DA puts pressure on NPA to prosecute KZN premier Sihle Zikalala over 'super spreader event'
The DA is requesting an urgent update from the National Prosecuting Authority (NPA) on progress regarding charges the party laid against the premier of KwaZulu-Natal, Sihle Zikalala, seven months ago.
The criminal charge, laid by DA shadow minister of state security Dianne Kohler Barnard, alleged that Zikalala contravened the Disaster Management Act and the national lockdown regulations at Clairwood Hospital on Freedom Day.
“The premier contravened lockdown regulations on April 27 2020 by holding a gathering at Clairwood Hospital where he pulled personnel from their duties to listen to his speech.”
At the time, Zikalala’s office said he was at the hospital doing routine government work. However, the DA was not convinced and laid a charge on the same day.
“This does not explain the stage and sound equipment that were rented for him to make a speech nor the need to pull personnel from their highly important work to gather under the hot sun to hear him speak,” she said.
Kohler Barnard said the gathering was in direct contravention of the Disaster Management Act in that “every gathering, as defined in regulation 1, is hereby prohibited, except for a funeral as provided for in subregulation (8)”.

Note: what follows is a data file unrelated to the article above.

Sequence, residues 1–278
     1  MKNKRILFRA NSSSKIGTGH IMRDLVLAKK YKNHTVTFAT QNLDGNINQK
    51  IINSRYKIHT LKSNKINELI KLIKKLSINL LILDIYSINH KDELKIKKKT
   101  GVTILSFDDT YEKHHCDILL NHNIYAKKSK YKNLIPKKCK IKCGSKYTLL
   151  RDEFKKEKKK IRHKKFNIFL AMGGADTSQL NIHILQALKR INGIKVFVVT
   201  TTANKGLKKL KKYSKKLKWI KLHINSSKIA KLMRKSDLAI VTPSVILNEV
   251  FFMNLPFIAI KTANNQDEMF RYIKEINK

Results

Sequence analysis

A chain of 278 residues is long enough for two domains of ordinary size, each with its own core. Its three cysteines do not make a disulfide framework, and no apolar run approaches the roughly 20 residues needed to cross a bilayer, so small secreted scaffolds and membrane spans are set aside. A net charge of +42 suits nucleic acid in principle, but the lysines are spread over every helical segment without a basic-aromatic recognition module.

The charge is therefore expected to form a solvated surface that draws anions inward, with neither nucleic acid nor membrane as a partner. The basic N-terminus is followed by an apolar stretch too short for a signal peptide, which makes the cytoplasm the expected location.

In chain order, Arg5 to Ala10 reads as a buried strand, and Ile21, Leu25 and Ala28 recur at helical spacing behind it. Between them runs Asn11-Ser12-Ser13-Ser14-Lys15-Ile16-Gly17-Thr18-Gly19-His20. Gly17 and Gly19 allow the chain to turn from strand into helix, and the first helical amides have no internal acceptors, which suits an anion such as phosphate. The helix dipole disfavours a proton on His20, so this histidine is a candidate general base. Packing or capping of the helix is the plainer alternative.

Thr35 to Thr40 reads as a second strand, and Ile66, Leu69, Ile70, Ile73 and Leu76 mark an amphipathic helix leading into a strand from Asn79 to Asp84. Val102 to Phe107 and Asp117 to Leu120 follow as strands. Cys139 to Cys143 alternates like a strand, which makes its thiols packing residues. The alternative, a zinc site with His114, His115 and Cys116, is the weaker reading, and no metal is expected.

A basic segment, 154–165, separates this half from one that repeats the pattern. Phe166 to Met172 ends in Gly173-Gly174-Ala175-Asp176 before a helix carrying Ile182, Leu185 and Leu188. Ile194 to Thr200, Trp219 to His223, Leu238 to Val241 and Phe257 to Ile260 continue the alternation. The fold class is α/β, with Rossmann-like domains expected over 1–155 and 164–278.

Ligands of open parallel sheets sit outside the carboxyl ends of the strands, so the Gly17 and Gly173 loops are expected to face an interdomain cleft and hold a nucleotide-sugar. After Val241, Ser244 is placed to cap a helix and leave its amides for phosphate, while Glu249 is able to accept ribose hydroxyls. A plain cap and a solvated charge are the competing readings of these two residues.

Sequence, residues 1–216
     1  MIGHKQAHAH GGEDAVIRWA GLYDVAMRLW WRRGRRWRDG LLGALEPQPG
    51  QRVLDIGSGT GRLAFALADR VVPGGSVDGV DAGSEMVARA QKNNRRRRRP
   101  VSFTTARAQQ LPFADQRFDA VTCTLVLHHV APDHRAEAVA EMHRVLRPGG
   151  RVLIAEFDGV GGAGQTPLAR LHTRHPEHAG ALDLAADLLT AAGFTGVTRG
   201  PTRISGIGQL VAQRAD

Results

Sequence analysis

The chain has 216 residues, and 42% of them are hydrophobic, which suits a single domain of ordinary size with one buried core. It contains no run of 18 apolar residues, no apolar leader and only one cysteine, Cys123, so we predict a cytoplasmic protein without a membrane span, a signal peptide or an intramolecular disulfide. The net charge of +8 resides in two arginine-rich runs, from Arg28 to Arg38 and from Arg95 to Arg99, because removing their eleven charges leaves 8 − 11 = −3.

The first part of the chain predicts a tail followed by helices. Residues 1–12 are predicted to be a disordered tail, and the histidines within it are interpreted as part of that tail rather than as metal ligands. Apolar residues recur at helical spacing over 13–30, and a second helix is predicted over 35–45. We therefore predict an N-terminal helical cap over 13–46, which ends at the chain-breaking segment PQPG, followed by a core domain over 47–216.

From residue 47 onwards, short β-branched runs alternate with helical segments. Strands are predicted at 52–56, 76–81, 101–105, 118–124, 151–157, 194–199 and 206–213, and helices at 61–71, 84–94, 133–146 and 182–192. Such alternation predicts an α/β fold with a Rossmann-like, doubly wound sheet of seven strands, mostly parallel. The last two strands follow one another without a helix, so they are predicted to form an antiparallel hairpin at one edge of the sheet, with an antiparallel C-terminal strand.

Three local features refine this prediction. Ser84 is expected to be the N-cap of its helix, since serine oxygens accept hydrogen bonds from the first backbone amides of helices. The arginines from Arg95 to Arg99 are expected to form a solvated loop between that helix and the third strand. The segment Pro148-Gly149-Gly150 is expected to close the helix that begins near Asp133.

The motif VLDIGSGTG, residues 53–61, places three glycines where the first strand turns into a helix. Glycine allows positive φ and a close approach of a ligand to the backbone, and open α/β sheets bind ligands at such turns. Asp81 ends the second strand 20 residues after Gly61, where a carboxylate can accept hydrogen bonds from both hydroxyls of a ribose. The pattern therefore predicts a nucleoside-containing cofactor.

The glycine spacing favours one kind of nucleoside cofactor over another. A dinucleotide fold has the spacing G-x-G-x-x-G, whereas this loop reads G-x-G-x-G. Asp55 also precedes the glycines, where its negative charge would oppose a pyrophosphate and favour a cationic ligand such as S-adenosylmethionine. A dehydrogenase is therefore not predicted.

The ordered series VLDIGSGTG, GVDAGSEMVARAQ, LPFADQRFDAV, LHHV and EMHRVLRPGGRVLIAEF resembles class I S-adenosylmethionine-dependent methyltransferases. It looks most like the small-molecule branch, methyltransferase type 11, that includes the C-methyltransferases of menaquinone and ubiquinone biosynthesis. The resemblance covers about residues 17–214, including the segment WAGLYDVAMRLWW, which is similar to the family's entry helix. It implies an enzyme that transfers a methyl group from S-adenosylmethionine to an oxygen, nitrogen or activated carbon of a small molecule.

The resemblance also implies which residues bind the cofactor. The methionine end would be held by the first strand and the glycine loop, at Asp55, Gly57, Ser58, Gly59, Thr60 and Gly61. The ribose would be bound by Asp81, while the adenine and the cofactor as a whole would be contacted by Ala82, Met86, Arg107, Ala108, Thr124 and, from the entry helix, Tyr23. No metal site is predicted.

In a statement, she also registered her displeasure at how “slow” the NPA has handled the matter, in contrast to how ordinary citizens were treated for what she believes were lesser transgressions during lockdown.
“The DA opened the case against Zikalala on April 27, the same day the contravention took place and there has been, and still is, radio silence on the part of the NPA regarding his prosecution.
“This while scores of people were arrested and humiliated in the beginning of the lockdown for contravening illogical regulations with one mother being arrested for chasing her toddler who dashed across the beach, for the infraction of standing on the sand,” she said.
Neither the premier's office nor the NPA were immediately available for comment.
Kohler Barnard added that the NPA has promised a decision since July on whether the premier would be charged, yet four months later, it seems no progress has been made.
“While ordinary South Africans — those without ANC connections — were persecuted without rationality or mercy, we have to ask whether the delay in relation to this case against the premier shows the NPA prosecutes without fear or favour.
“Men like Zikalala will get away with holding potential super spreader illegal events — at a hospital, no less — while citizens were arrested for legally buying groceries,” said Kohler Barnard.